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Hi. I have a question here.

1. There are two students waiting outside. (Acceptable)

2. There was a sudden bang waking me up (Grammatically wrong)

The grammar book states that the second sentence should be written like this:

- There was a sudden bang that woke me up.

According to the book, it says "We don't use a participle instead of a verb that describes a single or sudden action.

May I know what does "single action" mean? I am so confused. If only a "single action" is allowed, why does the first sentence is acceptable given that it only involves a single action (Two students are waiting outside) as well?

One more question, can I write my sentence like this?

When there is no one cleaning after them, young adults will have to take on the responsibility of housekeeping by themselves. (It is grammatically correct?)

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teal desk 749We don't use a participle instead of a verb that describes a single or sudden action.
There was a sudden bang that woke me up.
teal desk 749why does is the first sentence [is] acceptable

Waiting is just standing or sitting in one place. Nobody is moving much. You have to move more than that to perform an action.

teal desk 749When there is no one cleaning up after them, young adults (will) have to take on the responsibility of housekeeping (by) themselves.

Grammatically correct as shown. Words in parentheses are optional.

CJ

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Hi, Thanks for the reply. However, I am still confused. The active present participle is acceptable in the first sentence because it involves more than one actions, isn't it? For the second sentence, it is not acceptable because it only involves a single and sudden action. How can we identify as to whether or not a sentence involves a single or more than one actions?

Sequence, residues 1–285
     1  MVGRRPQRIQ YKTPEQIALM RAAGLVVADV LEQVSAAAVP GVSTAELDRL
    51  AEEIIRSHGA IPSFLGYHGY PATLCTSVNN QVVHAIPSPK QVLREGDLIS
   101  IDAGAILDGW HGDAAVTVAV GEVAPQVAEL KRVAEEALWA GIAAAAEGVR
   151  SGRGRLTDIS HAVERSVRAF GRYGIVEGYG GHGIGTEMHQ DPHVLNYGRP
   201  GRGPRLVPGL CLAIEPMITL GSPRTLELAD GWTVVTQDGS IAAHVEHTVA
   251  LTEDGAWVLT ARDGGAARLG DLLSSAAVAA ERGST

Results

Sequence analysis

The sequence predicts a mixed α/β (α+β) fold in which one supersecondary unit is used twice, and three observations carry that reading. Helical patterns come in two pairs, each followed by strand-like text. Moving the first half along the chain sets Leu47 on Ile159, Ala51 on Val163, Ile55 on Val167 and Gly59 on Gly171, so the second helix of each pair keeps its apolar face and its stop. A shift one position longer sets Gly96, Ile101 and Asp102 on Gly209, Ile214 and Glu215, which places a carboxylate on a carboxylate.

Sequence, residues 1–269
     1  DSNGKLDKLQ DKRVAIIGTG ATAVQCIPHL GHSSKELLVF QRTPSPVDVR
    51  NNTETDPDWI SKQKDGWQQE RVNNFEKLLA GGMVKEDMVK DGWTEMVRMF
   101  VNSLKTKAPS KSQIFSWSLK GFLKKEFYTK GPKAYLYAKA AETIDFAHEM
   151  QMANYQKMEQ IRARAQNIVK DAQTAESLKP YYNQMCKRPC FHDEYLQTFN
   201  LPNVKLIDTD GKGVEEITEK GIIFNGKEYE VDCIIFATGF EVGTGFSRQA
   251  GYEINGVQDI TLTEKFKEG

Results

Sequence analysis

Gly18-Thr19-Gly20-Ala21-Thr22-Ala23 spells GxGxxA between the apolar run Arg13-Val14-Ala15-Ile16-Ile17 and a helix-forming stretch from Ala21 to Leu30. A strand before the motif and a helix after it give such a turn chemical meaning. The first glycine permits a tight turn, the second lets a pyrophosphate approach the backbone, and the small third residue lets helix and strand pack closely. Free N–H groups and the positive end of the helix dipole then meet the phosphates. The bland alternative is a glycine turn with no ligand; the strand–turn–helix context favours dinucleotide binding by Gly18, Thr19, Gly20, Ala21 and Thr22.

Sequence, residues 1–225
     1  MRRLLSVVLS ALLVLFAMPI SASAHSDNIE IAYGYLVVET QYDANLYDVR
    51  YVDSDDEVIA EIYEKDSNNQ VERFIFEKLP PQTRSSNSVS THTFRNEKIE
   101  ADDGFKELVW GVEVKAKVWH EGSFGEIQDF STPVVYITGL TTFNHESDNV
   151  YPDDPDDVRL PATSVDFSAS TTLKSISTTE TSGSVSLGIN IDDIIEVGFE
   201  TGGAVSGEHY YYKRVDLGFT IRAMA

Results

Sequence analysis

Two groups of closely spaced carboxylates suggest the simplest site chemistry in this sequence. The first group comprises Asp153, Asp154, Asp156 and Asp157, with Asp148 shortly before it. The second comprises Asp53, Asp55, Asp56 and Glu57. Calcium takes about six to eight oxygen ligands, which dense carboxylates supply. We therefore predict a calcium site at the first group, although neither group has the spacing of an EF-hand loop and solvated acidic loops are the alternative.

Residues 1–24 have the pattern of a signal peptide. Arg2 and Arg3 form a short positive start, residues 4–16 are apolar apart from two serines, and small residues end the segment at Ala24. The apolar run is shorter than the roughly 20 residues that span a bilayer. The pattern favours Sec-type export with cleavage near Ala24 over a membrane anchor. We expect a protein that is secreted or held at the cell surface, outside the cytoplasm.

teal desk 749The active present participle is acceptable in the first sentence because it involves more than one actions, isn't it?

No. That's not what they're saying. They're saying that the first sentence is acceptable because "waiting outside" is not an action. (Obviously, if it's not an action at all, it's not a single action, and it's not a sudden action.)

teal desk 749For the second sentence, it is not acceptable because it only involves a single and sudden action.

Yes, I believe that they are saying that "waking up" is a sudden action (resulting from the bang, of course).

teal desk 749How can we identify as to whether or not a sentence involves a single or more than one actions?

I am doubtful whether this guideline for the use of a participle is even very reliable. I have never heard of it before, and I don't know exactly what criteria they are using to determine the number of actions, or what it has to do with participle usage. I think you are justified in feeling confused.

As a matter of fact, it's correct to write the following:

The sound of a sudden bang resonated through the room, waking me up.

We can only wonder what your grammar book would say about that.

Personally, from what you've written, and if there is no more to it than that, I would not take their advice too seriously.

CJ

teal desk 749The grammar book states that the second sentence should be written like this:

What grammar book are you quoting from?

Students: Are you brave enough to let our tutors analyse your pronunciation?

Oxford Practice Grammar (Advanced) by George Yule.

teal desk 749

Oxford Practice Grammar (Advanced) by George Yule.

Interesting.

OK. I downloaded it (it was free), and I found that the rule you are asking about is under the heading "Reduced Relative Clauses", which is what I expected. So the example I gave doesn't enter into it because that's an adverbial participle clause, not a reduced relative clause.

I had never heard of it before, but it seems a valid claim that a verb that represents a single or sudden action (wake up) can't appear in a reduced relative clause, i.e., as a participle. I can't imagine that there are so many examples of this configuration of grammatical factors that it's necessary to mention it at all, but there you go. Emotion: smile

Maybe I don't completely understand what Mr. Yule is saying here. Emotion: thinking

CJ

Alright, thank you so much.

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